No, no Biblioasis book made anyone's best of the decade, or not that I've come across. No Biblioasis author even made a best of the decade list, which is, in my view, a travesty. Michael Carbert over at the online magazine Encore Lit does attempt to remedy this. He chooses Terry Griggs's Rogue's Wedding and Russell Smith's Muriella Pent as being among the most egregiously overlooked books of the decade. And I would have to absolutely agree with him. Both of these books remain among my all-time favourite novels, and rank as among the best Canadian novels, in my opinion, ever published. They are two of the few books I'll probably re-read in the not-too-distant future.
Some other picks, judged by a scan of my bookshelves, that rank as among my favourite books published this past decade. I don't know if any of them made a Best of the Decade list. All of them quite easily could have:
Annabel Lyon's Oxygen
Clark Blaise's Selected Stories (Four Volumes, published by the Porcupine's Quill)
Ray Robertson's Gently Down the Stream
Caroline Adderson's Pleased to Meet You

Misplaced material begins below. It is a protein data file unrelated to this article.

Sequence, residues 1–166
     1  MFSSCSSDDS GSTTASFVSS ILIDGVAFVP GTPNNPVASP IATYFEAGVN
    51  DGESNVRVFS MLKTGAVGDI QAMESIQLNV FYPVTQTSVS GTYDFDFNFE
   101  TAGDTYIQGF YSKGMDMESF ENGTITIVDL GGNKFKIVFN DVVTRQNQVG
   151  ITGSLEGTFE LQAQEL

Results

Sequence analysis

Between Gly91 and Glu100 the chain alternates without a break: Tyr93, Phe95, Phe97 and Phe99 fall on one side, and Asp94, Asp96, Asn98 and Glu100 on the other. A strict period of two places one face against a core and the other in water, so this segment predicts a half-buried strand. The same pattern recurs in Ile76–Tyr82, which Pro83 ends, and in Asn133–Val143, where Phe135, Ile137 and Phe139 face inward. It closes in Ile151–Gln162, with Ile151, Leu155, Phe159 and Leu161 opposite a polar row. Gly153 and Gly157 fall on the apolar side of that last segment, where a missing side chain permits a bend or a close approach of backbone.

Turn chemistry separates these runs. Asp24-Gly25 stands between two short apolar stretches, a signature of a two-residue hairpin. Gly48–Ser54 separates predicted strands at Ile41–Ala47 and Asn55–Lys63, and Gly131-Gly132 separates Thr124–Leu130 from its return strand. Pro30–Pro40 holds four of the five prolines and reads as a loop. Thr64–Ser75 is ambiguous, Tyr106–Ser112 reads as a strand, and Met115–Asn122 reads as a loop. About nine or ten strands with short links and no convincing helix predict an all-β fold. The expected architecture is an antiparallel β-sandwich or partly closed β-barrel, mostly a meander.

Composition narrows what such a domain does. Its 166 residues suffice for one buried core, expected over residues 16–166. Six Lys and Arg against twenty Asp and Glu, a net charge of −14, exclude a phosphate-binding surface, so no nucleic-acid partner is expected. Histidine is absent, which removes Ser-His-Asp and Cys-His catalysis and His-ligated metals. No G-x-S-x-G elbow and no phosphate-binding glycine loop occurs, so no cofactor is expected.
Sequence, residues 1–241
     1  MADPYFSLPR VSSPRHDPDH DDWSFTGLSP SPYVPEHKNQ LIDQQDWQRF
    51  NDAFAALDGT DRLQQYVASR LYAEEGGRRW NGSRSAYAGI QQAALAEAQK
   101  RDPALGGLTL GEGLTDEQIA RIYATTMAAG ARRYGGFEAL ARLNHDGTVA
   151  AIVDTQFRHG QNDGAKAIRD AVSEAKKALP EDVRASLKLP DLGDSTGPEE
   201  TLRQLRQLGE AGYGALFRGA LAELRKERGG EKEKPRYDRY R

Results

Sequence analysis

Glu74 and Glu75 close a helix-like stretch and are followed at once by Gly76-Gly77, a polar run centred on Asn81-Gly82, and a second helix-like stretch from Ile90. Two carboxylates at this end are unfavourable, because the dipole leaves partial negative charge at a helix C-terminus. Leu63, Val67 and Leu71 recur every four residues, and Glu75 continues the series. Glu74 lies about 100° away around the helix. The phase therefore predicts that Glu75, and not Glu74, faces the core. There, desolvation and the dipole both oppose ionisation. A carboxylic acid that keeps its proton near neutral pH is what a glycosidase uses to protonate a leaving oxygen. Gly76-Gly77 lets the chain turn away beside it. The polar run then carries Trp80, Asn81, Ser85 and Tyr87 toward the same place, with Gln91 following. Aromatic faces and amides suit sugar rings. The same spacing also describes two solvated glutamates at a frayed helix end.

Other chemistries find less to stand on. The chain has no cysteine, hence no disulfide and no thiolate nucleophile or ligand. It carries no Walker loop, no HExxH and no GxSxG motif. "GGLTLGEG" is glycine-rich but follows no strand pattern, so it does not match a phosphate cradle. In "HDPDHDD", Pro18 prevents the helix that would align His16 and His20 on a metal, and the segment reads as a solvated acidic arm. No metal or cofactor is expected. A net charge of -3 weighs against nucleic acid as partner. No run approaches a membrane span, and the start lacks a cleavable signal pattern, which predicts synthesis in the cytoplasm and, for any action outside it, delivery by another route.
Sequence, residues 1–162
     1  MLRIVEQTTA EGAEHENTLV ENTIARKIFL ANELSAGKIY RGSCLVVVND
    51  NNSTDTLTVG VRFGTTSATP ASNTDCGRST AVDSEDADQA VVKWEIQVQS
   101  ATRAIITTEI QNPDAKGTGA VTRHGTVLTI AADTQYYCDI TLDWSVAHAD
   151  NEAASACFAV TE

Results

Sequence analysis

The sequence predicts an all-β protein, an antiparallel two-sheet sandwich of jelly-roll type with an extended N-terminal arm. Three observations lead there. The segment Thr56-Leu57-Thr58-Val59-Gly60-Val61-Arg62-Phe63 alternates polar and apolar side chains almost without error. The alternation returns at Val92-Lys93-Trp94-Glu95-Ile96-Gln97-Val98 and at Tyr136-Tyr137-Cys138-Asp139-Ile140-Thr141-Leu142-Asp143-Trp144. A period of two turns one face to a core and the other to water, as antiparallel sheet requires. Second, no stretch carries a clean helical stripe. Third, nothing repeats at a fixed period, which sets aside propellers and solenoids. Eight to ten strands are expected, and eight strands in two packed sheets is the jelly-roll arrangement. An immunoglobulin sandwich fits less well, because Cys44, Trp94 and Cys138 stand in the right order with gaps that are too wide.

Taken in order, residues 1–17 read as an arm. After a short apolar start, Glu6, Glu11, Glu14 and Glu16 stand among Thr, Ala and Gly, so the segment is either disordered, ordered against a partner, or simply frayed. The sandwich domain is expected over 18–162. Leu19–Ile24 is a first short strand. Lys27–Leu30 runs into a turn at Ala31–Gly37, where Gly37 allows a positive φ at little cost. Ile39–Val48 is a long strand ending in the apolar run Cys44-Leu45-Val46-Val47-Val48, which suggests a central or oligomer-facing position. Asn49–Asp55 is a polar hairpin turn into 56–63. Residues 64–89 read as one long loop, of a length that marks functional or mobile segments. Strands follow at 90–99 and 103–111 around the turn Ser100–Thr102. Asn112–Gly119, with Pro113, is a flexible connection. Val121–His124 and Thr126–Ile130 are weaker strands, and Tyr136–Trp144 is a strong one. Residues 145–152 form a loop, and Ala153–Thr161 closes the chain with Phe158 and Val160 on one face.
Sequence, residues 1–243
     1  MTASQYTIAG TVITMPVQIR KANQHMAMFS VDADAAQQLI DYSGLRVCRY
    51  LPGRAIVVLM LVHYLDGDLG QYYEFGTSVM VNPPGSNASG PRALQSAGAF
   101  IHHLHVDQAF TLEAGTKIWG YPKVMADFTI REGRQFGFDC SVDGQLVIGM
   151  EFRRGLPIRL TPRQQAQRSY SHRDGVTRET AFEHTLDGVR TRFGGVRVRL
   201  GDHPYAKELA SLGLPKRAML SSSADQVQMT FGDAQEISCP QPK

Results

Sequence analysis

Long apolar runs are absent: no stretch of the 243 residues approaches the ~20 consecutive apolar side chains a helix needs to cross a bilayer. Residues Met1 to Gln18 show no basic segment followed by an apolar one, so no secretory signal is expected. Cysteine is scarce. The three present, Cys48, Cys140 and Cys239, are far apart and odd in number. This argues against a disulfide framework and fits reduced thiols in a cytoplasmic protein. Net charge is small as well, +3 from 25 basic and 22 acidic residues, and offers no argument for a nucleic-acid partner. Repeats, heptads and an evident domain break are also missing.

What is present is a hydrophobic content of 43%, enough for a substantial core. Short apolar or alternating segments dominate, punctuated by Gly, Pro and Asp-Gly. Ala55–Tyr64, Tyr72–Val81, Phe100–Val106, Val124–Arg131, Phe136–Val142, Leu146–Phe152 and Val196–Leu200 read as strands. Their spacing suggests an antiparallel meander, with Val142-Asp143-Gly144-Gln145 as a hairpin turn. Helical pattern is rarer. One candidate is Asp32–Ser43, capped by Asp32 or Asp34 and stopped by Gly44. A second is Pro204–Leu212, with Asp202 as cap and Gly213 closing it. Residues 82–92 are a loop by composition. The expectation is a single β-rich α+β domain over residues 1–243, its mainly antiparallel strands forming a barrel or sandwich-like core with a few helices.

Mark Anthony Jarman's 19 Knives
Lisa Moore's Open
Jhumpa Lahiri's Interpreter of Maladies
Alistair MacLeod's Island
Leonard Michael's Collected Stories
Horacio Castellanos Moya's Senselessness.
Alice Munro's Hateship Friendship, Courtship, Loveship, Marriage (or almost anything else by her)
Certainly, this list overlooks many, including books we've published here, books I've borrowed, books in one of the dozens of boxes still in a storage locker, books I've taken from the library, books I've loaned out and lost. Not to mention non-fiction and poetry. And it is heavily slanted to short fiction: counting Rogue's Wedding and Muriella Pent, 9 of 13 titles are short fiction collections. But it will suffice in a pinch.
Carbert, though, is right: Griggs and Smith: if you haven't read them, do yourself the favour.